BULLY BOY PRESS & CEDRIC'S BIX MIX -- DC.
SECRETARY OF STATE AND ANGER CONDI RICE WARNED US, "HE IS IN A MOOD!"
AND BOY WAS HE.
TODAY BULLY BOY HAD TO GIVE A MEDAL OF HONOR TO AN ARMY HELICOPTER PILOT, LT. COL. BRUCE CRANDALL.
HE DIDN'T LIKE THE SPEECH THAT WAS WRITTEN FOR HIM: "THE SUFFERING AND GRIEF COULD HAVE BEEN FAR WORSE. ONE OF THE REASONS IT WAS NOT WAS BECAUSE OF THE MAN WE HONOR TODAY. FOR THE SOLDIERS RESCUED, FOR THE MEN THAT CAME HOME, FOR THE CHILDREN THEY HAD AND THE LIVES THEY MADE, AMERICA IS IN DEBT TO BRUCE CRANDALL."
COLLIE POWELL, FORMER SECRETARY OF STATE, ATTENDED THE CEREMONIES AND MADE CAT CALLS THROUGHOUT.
"WHAT WAR WAS THAT?"
AFTER POWELL SHOUTED THAT OUT FOR THE SIXTH TIME, A TICKED OFF BULLY BOY RESPONDED, "VIETNAM!"
SILENCE FOLLOWED AND BULLY BOY SEEMED TO RELAX.
THEN POWELL POPPED OFF ANOTHER, "AND WHERE WERE YOU?"
ANGRY, BULLY BOY STORMED OUT OF THE CEREMONY WHILE POWELL WAS SEEN CHUCKLING WITH A LARGE NUMBER OF EX-GENERALS.
FROM THE TCI WIRE:
Starting with the subject of war resisters. Agustin Aguayo was the topic today on KPFA's The Morning Show and Philip Maldari spoke with Jeff Englehart and Tom Cassidy of Iraq Veterans Against the War. Pointing to the common thread between Aguayo, Mark Wilkerson and Ehren Watada, Englehart observed: "These guys have basically opted not to go based on the illegality of the war and the criminality of it." They then addressed Aguayo's case specifically noting that he was "a medic who actually signed up to help people, not to take lives," that he refused to load his weapon while serving in Iraq (Cassidy: "I'd say that more than anything validates his conscientious objector status."), and how being in Germany added a physical distance (his wife Helga is attempting to raise money to travel to the court-martial). They discussed how the AWOL process varies from case to case (Cassidy: "It seems like no two AWOL cases are the same" Englehart: "Military justice is an oxymoron."), and how those serving on Aguayo's jury will be "guys who are lifers," "serious hardliners basically determining the fate of his life." The also addressed the war.
Engelhart: Jeff: Generally I kind of questioned the war from the very outset and I went into Iraq very skeptical. But it was while I was there I saw some things that really solidified in my mind what I would consider an anti-war sentiment. . . The most important thing I saw that really turned me against the war was the, uh, well two things really. A lot of the civilian deaths. Basically the way I saw a lot of the civilians deaths, and there were many, they were caused because of our complicit involvement in the occupation.
Maldari: . . . Complicity with who was killing whom and why?
Jeff: Well anytime you have an occupying force and the strongest military in the world occupying heavily populated urban areas, civilian deaths occur on any given second in response to small arms attacks from insurgents. We have to understand, we're using some of the most advanced weaponary in the world, like 50 caliber machine guns, . . . grenade launchers, you know, 500 lb bombs, 1000 lb bombs, depleted uranium, white phosphorus . . . All these things take into account. And you're dropping them essentially on civilian neighborhoods and you're using them in civilian neighborhoods. And a lot of those civilians deaths I saw were the result of sectarian differences basically what I viewed as our US forces pitting ethnic groups against each other to establish a subservient ethnicity to govern the Iraqis but a lot of those car bombs and suicide bombs that killed a lot of civilians was internal, it was in fact internal, but what I viewed as basically our own involvement was causing it. And a lot of times in any kind of urban strife just our own sheer power would destroy, you know, vast amounts of urban neighborhoods. And that's one thing I think we really lost the war in the fact that we lost the hearts and minds and you really can't win the hearts and minds with shock & awe.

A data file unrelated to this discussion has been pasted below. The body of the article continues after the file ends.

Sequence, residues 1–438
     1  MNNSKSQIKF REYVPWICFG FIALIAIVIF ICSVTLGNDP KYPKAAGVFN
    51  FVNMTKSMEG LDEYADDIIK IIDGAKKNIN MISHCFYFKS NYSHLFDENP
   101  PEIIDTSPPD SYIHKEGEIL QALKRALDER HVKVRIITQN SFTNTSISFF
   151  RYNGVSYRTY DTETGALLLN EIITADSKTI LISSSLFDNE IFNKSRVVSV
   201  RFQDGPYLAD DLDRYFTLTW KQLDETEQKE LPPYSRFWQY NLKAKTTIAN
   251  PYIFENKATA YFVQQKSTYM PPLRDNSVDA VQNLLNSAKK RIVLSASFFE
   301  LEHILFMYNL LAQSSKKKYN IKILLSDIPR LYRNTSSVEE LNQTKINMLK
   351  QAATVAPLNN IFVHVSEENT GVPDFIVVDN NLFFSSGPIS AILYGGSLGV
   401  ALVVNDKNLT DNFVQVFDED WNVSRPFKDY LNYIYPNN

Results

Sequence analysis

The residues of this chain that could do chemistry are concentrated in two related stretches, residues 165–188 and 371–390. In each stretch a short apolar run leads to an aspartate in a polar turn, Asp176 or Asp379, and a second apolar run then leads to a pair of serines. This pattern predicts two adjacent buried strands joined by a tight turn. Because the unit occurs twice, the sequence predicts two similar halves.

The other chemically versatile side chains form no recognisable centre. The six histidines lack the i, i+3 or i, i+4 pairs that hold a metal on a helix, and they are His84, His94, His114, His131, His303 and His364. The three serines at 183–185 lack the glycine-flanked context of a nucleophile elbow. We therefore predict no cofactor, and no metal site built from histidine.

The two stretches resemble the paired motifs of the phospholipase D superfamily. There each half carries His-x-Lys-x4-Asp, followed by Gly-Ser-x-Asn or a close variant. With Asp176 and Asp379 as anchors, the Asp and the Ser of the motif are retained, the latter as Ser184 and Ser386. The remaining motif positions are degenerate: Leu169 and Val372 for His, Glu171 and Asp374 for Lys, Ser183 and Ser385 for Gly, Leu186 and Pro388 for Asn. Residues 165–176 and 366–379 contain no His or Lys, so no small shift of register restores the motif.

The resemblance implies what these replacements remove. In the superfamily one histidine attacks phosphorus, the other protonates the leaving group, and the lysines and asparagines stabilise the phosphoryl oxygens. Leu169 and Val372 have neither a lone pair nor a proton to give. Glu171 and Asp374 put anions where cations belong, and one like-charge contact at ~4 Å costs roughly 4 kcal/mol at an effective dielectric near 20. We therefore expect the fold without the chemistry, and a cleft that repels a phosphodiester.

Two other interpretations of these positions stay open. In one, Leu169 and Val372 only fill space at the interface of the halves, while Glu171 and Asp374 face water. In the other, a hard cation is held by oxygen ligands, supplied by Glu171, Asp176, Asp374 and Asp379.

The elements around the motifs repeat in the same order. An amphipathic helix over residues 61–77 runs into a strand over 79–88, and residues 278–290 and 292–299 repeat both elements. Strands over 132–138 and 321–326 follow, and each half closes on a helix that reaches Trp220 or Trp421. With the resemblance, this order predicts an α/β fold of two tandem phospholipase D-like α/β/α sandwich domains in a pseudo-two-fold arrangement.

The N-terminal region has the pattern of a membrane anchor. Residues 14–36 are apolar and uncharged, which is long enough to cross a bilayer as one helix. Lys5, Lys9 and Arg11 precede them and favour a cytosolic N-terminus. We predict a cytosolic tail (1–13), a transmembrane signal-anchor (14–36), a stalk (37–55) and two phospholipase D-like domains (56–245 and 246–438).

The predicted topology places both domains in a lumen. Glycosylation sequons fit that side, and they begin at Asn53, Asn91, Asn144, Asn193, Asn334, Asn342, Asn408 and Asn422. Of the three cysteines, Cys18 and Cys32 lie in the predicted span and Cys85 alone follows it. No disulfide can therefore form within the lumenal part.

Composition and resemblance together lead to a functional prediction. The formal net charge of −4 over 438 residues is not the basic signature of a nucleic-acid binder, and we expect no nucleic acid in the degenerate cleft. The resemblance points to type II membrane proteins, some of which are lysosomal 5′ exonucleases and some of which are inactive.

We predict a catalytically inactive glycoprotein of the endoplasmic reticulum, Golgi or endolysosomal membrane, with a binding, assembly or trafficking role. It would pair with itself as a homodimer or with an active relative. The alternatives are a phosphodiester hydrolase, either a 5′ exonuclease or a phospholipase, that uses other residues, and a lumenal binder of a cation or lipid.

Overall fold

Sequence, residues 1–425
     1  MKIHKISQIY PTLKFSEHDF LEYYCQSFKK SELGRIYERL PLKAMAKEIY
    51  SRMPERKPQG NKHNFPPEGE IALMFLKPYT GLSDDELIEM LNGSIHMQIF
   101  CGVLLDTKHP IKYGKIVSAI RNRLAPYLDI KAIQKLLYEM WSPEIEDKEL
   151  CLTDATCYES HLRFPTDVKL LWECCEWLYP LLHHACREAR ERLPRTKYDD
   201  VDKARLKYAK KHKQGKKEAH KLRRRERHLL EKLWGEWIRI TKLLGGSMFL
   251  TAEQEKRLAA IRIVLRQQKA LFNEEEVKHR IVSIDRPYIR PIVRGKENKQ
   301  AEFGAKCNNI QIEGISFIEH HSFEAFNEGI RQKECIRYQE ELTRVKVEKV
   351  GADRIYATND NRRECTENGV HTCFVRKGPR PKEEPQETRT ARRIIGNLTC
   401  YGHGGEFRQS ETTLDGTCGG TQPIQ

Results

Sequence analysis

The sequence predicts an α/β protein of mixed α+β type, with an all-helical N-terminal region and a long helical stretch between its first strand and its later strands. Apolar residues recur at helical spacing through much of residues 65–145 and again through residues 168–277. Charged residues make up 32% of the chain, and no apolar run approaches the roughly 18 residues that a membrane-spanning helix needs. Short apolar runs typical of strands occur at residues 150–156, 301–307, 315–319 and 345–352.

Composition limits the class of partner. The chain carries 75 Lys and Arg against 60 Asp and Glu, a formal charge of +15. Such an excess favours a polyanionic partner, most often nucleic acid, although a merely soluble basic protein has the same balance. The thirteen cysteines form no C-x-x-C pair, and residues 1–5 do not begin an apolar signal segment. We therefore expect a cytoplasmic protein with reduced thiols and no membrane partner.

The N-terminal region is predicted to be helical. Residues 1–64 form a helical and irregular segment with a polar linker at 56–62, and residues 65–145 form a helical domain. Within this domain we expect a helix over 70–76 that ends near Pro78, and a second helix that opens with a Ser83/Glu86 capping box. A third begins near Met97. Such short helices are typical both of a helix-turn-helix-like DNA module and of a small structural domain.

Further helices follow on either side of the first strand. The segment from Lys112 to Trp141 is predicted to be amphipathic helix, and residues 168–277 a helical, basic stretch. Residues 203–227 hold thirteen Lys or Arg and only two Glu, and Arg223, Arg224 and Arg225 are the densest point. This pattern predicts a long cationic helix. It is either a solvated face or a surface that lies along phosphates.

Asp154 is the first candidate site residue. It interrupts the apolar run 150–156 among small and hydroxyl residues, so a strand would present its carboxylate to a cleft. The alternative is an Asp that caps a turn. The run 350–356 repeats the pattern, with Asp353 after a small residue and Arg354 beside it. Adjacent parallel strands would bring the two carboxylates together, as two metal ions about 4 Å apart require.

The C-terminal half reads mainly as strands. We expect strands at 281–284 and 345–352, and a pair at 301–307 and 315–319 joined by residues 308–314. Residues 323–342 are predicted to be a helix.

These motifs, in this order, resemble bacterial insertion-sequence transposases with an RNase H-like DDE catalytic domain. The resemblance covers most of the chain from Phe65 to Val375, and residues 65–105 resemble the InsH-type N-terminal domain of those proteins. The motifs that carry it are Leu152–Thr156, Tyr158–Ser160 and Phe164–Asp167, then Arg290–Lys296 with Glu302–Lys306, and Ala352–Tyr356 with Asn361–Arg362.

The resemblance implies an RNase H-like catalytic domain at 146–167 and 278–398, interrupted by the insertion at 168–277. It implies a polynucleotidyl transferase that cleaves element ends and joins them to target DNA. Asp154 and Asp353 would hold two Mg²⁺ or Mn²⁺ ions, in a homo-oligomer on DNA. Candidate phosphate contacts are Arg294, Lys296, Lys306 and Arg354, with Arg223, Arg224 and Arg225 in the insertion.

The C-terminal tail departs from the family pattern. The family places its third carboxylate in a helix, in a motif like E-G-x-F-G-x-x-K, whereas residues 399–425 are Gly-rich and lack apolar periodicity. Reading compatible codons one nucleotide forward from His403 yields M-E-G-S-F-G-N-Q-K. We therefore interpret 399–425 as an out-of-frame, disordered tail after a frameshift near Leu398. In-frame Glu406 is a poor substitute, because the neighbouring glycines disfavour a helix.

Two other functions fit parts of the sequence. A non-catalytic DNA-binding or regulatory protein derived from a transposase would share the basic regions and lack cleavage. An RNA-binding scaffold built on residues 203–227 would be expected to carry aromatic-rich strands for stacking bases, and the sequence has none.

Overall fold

Maldari: Well I interrupted you. You said you had a second reason as well.
Englehart: Just the dehumanization of Arab culture. As opposed to what the West would like to view the Arabs as backwards people who need our help. And . .. . Just scratch the surface of any kind of knowledge you would want to gain from the Arab world, you'd find that they are peaceful people, who are very intelligent and can govern themselves without any help.
Cassidy spoke of the derogatory words "used on a lot of official documents as a term to describe the Iraqi people which is sad because we had a civil rights movement like forty or fifty years ago and we still haven't gotten over just blatantly being racist to other cultures."
Elsa Rassbach (American Voices Abroad Military Projects) joined them in the last five minutes. And, FYI, re: Thomas Cassidy and Jeff Englehart. They have been speaking on campuses [AnnMarie Cornejo (San Luis Obispo Tribune) reported on a high school appearance last Thursday] and they and other members of Iraq Veterans Against the War are very interested in discussing their experiences. If you'd like to request a speaker, click here.
To clear up some confusion. Mark Wilkerson was sentenced to seven months as part of a plea agreement. Mark Wilkerson was also charged with being AWOL. Though he was not gone a full month (he was gone September 2nd through September 26th), Agustin Aguayo has been charged with desertion. Desertion charges come with longer potential sentences than do charges of AWOL. Aguayo is facing a maximum of seven years imprisonment if he is found guilty in the March 6th court-martial and if he receives the maximum sentence.